24 January 2019
The Council of Mayors’ (SEQ) People Mass Movement Study, with a comprehensive road map of 47 priority projects aimed at reducing gridlock in the region, has identified several key points to address population growth and transport demand in Ipswich.
A snapshot of some of the big ticket items in the road map include faster rail in the Western Corridor and major upgrades to the Ipswich Motorway and Centenary Highway.
The study, released today by the Council of Mayors (SEQ), which includes Ipswich Interim Administrator Greg Chemello, is an in-depth view of the growth and transport challenges facing the region, ultimately delivering a roadmap to reduce congestion and drive stronger regional connectivity in the coming decades.
Chair and Brisbane Lord Mayor Graham Quirk said 47 major projects are prioritised in the SEQ People Mass Movement Study for delivery over the next 23 years. This includes the introduction of a faster rail network running from the Sunshine Coast to the Gold Coast via Brisbane, and to Ipswich and then Toowoomba.
Currently, SEQ’s rail system is unable to meet the needs of the region in a satisfactory manner, largely because an essentially urban rail system servicing the Greater Brisbane area is being used to service the wider geographical SEQ region, Cr Quirk said.
To address this, SEQ should consider the creation of a two-tier system, consisting of urban passenger rail (existing QR Citytrain) and faster rail (new system).
Faster rail will provide a higher speed mass transit service connecting the major centres with limited stops at major activity centres only. The maximum operating speed is anticipated to be between 200 to 250km/h with an average running speed up to about 150-160km/h.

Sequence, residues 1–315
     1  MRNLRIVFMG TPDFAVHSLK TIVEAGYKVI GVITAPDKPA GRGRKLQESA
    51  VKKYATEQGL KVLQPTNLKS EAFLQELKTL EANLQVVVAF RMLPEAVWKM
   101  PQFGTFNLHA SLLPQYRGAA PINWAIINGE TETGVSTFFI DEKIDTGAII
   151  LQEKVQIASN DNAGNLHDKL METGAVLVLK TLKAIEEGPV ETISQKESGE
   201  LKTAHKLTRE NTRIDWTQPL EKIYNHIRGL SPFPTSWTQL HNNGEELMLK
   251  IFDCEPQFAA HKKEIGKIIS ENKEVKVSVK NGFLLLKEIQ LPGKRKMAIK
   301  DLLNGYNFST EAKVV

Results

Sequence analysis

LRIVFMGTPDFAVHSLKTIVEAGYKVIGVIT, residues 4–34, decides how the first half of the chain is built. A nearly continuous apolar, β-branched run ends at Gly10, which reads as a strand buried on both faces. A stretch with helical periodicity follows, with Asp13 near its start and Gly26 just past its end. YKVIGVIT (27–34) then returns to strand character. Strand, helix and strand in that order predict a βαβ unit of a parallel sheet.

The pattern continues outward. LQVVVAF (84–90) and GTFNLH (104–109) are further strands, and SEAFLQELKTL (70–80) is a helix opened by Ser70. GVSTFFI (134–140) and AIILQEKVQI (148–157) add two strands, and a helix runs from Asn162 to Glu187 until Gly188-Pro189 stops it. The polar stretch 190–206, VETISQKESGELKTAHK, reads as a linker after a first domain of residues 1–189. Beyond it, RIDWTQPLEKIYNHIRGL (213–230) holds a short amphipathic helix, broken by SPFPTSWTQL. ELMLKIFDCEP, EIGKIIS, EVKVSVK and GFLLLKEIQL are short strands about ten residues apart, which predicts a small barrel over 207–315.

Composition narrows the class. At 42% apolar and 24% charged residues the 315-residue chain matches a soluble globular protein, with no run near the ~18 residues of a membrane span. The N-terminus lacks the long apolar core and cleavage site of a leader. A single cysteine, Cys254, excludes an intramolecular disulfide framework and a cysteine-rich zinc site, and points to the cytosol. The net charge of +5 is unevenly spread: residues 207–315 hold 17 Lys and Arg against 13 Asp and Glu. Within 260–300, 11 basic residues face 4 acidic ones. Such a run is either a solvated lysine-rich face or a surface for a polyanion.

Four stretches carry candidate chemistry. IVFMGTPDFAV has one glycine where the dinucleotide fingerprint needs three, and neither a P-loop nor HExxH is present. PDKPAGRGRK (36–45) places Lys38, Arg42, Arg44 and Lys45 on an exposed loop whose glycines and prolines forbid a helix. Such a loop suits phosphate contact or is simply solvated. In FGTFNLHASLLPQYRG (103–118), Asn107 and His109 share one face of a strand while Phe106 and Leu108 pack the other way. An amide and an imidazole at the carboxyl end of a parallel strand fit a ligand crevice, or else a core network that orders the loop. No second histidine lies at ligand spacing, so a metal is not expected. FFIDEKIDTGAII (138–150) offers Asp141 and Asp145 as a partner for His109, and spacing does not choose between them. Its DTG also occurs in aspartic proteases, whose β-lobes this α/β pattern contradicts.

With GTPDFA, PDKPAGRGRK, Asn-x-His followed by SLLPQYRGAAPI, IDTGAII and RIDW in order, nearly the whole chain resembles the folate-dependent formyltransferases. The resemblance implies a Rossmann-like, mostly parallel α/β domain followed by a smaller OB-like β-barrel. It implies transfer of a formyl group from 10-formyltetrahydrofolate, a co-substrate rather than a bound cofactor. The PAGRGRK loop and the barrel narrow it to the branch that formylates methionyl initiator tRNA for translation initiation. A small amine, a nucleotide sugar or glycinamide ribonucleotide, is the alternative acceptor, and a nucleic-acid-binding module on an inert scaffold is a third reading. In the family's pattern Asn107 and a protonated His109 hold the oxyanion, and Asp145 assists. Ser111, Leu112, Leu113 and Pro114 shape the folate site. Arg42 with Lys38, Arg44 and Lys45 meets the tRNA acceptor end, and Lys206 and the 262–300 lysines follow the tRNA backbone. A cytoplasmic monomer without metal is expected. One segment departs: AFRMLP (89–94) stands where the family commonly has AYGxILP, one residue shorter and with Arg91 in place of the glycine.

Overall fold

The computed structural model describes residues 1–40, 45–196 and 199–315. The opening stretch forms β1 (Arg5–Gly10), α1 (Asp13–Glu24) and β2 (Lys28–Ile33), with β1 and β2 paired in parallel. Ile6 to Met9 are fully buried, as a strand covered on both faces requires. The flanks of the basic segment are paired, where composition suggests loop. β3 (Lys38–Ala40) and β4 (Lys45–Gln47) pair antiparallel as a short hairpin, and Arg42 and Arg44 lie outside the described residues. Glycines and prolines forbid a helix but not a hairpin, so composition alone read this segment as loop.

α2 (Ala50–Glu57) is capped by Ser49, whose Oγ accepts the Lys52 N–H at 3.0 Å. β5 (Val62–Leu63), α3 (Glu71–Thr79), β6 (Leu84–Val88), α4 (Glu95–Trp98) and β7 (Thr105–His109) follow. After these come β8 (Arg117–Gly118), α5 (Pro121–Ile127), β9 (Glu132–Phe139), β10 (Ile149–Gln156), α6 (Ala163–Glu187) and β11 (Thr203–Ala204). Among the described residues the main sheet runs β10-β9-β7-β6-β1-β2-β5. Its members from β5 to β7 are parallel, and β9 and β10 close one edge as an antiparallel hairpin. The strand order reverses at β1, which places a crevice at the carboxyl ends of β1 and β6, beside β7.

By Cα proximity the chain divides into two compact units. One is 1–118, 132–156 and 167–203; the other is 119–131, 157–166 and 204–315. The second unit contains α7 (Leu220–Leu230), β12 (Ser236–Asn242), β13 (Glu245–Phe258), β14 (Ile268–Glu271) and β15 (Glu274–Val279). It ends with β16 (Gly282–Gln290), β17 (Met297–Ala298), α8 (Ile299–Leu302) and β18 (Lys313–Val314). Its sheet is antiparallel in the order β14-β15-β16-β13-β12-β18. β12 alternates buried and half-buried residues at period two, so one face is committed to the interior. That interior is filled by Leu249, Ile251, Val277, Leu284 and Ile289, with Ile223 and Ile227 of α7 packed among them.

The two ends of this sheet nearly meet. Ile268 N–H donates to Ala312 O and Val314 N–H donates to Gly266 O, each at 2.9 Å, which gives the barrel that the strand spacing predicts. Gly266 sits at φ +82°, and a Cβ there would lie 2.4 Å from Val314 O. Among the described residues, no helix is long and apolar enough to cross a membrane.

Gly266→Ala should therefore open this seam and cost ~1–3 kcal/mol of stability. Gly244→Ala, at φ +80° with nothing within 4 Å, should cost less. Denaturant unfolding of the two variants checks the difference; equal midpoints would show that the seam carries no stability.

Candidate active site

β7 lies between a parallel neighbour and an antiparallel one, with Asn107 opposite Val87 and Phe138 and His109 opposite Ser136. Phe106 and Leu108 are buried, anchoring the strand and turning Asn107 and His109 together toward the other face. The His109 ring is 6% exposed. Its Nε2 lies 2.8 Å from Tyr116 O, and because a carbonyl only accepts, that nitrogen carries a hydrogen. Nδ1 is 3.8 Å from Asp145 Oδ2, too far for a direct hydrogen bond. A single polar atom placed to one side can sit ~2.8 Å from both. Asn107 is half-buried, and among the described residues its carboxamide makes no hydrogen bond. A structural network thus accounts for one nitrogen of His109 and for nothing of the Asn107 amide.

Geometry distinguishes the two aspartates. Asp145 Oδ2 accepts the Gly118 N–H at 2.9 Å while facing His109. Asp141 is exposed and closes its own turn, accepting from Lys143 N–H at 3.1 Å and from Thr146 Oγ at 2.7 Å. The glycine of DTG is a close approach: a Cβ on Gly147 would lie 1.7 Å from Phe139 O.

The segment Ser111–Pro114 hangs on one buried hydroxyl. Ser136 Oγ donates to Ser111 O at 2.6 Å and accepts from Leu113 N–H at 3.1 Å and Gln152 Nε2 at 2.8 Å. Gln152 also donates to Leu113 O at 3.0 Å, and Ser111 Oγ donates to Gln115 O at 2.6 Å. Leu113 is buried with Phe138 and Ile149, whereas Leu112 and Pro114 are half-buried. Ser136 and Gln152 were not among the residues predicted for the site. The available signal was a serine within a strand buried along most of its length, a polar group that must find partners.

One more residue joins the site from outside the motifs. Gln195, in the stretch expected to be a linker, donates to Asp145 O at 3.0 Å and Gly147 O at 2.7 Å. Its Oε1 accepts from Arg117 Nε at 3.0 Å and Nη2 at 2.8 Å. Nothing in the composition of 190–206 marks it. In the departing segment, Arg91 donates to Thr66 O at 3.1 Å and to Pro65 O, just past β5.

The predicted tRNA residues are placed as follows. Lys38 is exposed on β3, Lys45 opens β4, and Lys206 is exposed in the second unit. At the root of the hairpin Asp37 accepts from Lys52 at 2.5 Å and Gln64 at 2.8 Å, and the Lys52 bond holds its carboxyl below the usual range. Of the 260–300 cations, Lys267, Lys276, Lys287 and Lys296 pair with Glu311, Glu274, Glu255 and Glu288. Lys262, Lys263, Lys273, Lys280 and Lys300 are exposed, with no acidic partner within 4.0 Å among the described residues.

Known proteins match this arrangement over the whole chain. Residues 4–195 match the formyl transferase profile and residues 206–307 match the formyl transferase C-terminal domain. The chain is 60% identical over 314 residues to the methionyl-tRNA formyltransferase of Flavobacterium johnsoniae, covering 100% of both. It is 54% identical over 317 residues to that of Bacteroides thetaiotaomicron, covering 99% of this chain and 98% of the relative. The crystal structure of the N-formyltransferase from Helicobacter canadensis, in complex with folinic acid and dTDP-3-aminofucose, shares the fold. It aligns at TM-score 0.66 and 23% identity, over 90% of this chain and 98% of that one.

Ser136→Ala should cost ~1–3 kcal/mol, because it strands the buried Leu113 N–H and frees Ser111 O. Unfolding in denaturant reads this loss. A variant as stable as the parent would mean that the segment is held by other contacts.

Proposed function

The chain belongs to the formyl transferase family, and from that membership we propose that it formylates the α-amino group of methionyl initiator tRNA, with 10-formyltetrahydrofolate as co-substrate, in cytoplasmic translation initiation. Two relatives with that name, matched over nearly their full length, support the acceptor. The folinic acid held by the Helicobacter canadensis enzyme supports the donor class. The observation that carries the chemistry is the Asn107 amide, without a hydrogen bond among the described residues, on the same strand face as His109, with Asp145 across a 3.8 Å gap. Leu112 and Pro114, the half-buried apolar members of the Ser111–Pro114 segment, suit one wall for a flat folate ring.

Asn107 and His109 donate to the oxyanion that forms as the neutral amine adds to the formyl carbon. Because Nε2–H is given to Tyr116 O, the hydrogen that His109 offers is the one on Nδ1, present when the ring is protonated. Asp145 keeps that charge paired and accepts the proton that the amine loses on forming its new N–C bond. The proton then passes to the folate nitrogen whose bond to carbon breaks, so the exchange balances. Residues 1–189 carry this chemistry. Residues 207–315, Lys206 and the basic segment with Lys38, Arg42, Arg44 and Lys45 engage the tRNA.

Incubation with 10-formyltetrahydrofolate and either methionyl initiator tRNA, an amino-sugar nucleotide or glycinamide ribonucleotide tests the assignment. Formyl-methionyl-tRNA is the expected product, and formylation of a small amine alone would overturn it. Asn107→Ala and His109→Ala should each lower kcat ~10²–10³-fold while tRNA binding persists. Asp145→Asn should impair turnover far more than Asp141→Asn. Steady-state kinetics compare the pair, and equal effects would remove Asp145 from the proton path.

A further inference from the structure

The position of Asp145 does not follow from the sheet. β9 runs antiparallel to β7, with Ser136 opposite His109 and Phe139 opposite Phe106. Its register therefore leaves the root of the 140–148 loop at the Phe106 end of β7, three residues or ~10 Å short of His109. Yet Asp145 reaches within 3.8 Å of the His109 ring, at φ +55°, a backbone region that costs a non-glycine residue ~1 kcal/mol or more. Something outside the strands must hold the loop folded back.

An SEQ faster rail network delivered by 2031 would reduce travel time from Brisbane to the Sunshine Coast by 48 per cent, to the Gold Coast by 52 per cent and to Ipswich by 66 per cent.
Currently, it takes 58 minutes to travel by train from Ipswich Central to Brisbane Central. The proposed faster rail program would see a reduction in travel time of 66 per cent to just 20 minutes. The cost was estimated at $1.7 billion.
A faster rail network from Ipswich to Toowoomba is also proposed at a cost of $3.4 billion.
Another of the 47 projects included the extension of the Springfield railway line, with $1 billion needed from an “urban passenger rail service for Ripley to Ipswich (via Yamanto), and thus providing the Brisbane-Springfield-Ipswich connection.
Mr Chemello said the faster rail program would be crucial for the region as population soared at an unprecedented rate and welcomed a trip of 20 minutes between the two cities.
“We recently passed the 215,000 population point and we are heading towards 500,000 within 20 years,” Mr Chemello said.
“It is absolutely vital that public transport is significantly improved to cater for that growth. That means rail, buses and a better transport and road network.”
The Springfield railway line opened in December 2013, but commuters have to change trains at Darra to get to Ipswich. The State Government’s Connecting SEQ 2031 Plan includes an extension of the Springfield line to Redbank Plains and Ripley – two of the region’s fastest growing suburbs – and through to Ipswich.
Council has been pleading with the government to introduce that link sooner, with land available now to build the extension to Redbank Plains and Ripley.
“We can’t stress enough the importance of this rail link. Ipswich is growing rapidly and we need the transport infrastructure urgently to cope with the population explosion,” Mr Chemello said.
The overarching message from the study’s transport work to-date was that infrastructure delivery in South East Queensland was no longer keeping pace with the region’s projected population growth.
“Traffic congestion will continue to worsen on all of South East Queensland’s major corridors as we head towards 2031, and by 2041, all major corridors will be over capacity in peak hours conditions,” it said.
Mr Chemello noted that the study found the Ipswich Motorway and Centenary Highway had “very high” anticipated growth and by 2041 would be “over capacity”.
“It is essential to undertake the appropriate transport and infrastructure planning needed to cater for the future growth of the region,” he said.
Mr Chemello said he looked forward to the council working with State and Federal Governments in the future to help address Ipswich’s future transport needs.
SEQ People Mass Movement Study
The road map pinpoints 47 critical projects across SEQ, determines when these projects are required to meet demand and the estimated cost of project delivery.
(Ipswich projects, in order of priority):